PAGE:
A Comprehensive Naturopathic Guide for Complete Digestive Wellness

Tag Archives: Dalai Lama

20130626-080451.jpgA New Diet…. Begun just over four weeks ago, is really helping! I am inspired by my friend, and fellow Crohnie, Katy Haldiman, RN, MS, The Paleo Nurse, and my consultants, Jordon Reasoner, and Steve Wright of SCD Lifestyle, to try a simplified diet to help my recent recurrence of Crohn’s from spreading.

Crohn’s is not easily deterred. I was so lucky to have seven years of clinical remission. It was only in the last year, that my disease spread. My last seven years have been filled with hope and health, and it is easy to fall into despair when the doctors tell you that your disease has gone from nonexistent to “severe.”

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Rather than saying “Woe is me,” and spending time feeling sad and useless (I did a lot of that, believe me), I decided to take action, and try to live the words of the Dalai Lama:

“Scientists say that a healthy mind is a major factor for a healthy body,” His Holiness said. “If you’re serious about your health, think and take most concern for your peace of mind. That’s very, very important.”

That said, I am on my way to health, for sure—no time to sit on my cushion meditating (I do that daily for a few minutes still); rather, I need to stay focused and take care of my body: better food, sleep, stress relief, education, awareness, team building, satisfying work, making money enough to live on, giving back to my community and the world…working for peace, justice, and environmental sustainability. According to His Holiness the XIV Dalai Lama, peace of mind is essential for health—words to live by.

This new diet, very much like The Paleo, is giving me strength and vitality. It is not for everyone—and I always tell people you must proceed with a doctor’s knowledge, for Crohn’s and UC can be serious, even fatal, if not managed correctly. I have worked really hard to form a collaborative team—my own book’s co-author, Jessica Black, ND, is my stalwart supporter and her book, The Anti-Inflammation Diet and Recipe Book has just come it in a second edition and has sold almost 100,000 copies! Jessie is an amazing health practitioner.

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I have eliminated ALL grains and dairy from my diet—woohoo! What a difference. I found this great site, and I can use almond meal flour (also coconut flour), and I eat fruits and veggies, nuts and animal protein pretty much non-stop. I had an adjustment for the first week, as I really missed my oatmeal in the morning, but as you can see from the photo, my morning meal is wonderful and tasty, too.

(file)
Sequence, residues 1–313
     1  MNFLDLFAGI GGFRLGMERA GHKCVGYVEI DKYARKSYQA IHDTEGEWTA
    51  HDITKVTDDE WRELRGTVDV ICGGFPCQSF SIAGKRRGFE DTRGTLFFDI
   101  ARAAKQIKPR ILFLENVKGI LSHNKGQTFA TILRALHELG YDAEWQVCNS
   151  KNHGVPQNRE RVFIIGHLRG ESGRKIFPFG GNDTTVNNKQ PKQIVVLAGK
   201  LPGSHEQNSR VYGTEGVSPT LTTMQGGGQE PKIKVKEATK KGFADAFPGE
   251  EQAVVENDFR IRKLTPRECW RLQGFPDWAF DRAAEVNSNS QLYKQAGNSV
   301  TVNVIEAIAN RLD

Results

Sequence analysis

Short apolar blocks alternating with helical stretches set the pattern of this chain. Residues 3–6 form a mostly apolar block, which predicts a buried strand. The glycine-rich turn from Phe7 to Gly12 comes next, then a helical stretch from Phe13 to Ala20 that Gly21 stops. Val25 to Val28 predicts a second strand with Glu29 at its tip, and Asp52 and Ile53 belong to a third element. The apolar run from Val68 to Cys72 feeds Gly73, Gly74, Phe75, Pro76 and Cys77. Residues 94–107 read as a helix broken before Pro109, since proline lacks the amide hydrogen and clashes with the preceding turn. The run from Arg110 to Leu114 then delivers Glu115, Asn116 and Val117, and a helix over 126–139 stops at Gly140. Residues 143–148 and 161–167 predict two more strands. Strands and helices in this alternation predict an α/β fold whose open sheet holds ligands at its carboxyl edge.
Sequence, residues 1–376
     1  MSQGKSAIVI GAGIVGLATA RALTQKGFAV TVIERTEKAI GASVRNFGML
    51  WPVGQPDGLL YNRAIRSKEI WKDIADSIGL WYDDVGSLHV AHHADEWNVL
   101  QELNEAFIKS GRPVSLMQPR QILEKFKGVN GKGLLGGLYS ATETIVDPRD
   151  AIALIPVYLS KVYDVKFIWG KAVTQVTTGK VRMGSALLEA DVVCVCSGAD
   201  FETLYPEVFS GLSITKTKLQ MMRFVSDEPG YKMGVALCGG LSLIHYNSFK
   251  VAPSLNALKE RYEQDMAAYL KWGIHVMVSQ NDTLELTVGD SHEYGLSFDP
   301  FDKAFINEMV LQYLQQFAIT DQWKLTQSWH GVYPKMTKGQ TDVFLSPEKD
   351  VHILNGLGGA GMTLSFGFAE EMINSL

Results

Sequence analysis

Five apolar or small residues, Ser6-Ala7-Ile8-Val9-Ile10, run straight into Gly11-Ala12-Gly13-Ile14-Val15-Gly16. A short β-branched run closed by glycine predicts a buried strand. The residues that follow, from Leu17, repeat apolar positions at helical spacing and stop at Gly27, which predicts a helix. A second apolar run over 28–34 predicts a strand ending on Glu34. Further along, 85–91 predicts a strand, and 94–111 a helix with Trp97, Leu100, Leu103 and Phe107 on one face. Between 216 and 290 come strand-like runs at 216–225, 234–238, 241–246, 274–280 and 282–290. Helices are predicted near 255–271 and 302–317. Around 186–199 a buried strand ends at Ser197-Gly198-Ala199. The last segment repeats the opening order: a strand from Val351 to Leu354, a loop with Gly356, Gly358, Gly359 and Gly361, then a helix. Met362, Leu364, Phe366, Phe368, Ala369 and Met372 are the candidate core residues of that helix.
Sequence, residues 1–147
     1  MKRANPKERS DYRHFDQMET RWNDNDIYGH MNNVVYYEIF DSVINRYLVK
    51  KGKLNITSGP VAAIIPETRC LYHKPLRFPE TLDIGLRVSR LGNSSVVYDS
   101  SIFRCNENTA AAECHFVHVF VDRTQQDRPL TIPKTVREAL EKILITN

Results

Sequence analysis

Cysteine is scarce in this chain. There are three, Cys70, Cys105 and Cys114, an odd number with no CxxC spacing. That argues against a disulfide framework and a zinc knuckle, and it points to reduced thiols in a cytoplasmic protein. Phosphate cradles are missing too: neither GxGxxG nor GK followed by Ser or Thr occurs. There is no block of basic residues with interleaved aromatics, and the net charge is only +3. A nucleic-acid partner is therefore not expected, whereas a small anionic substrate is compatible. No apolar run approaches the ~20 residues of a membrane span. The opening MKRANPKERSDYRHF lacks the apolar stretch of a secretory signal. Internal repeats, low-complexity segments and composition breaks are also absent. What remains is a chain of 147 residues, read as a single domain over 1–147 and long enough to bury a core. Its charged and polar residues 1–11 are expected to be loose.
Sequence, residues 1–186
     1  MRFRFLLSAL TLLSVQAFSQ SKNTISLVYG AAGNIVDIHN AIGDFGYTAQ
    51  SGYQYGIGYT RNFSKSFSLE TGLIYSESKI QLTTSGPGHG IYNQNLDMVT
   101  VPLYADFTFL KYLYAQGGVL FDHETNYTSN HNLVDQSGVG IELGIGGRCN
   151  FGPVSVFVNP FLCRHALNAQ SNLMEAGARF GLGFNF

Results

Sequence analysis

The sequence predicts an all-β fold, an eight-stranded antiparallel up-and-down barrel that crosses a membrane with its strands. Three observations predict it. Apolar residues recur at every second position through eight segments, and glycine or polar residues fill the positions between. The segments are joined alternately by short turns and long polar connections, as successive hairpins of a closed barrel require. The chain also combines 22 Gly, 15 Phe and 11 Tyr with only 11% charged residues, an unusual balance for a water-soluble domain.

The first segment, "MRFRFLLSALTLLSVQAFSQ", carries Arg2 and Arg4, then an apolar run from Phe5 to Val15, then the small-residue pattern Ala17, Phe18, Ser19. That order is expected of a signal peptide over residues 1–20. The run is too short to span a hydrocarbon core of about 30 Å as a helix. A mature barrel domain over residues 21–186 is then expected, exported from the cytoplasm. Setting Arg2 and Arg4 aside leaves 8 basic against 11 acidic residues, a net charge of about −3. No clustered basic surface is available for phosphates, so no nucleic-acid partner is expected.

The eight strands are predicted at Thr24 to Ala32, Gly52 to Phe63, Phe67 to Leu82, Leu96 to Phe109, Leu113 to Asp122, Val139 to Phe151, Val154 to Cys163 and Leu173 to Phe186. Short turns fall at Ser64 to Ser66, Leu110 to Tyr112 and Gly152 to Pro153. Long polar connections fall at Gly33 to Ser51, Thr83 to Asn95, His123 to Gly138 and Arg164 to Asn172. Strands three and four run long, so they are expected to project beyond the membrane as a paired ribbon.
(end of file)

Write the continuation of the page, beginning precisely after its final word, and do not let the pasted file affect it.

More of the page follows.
I hope this post inspires people to look at their own diets, and proceed with caution (this diet is not recommended if you have flare-up symptoms of Crohn’s or ulcerative colitis). I began this diet with no symptoms, and after the first week, I started to feel like I had more energy, and my stress levels are kept low by walking 4 miles a day and sleeping 8 hours per night.

I’ll post some more photos of my wonderful meals… Summer is the best time to do this diet: only organic fruits and veggies and meat must be antibiotic-free, grass-fed…that whole thing! I buy all local meat, eggs, fruits and veggies… And I plan on putting up and preserving a lot of them this summer so I can continue summer’s bounty from my freezer (and canning room) during the cold Vermont winter!

I also have a nice little garden growing…. Kale, and more kale! Plus, tomatoes, green beans, lettuce, spinach, onions, asparagus, etc. growing your own food is another way to reduce stress and get physically fit—gardening is good for upper body strength!

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“One thing I teach: suffering and the end of suffering.
It is just ill and the ceasing of ill that I proclaim.”

—The Buddha

In a recent study, Mental Training Increases Physical Strength, by Erin M. Shackell and Lionel G. Standing from Bishop’s University in Quebec, a group of college students were asked to IMAGINE strength training versus a control group who did nothing and another group who did the actual physical work.

One area (hip flexing) was identified for groups of 10 college student-athletes to work on for the two-week study. The 10 college students who did the actual strength training five days a week did four sets of eight repetitions, adding 5lbs of weight, and they saw strength training improvement of 28%. The group of 10 that did nothing saw no gains; and the group that practiced visualization saw gains of 24%! This study was unique in that the group imagining themselves doing the reps actually did nothing after that—it was pure visualization.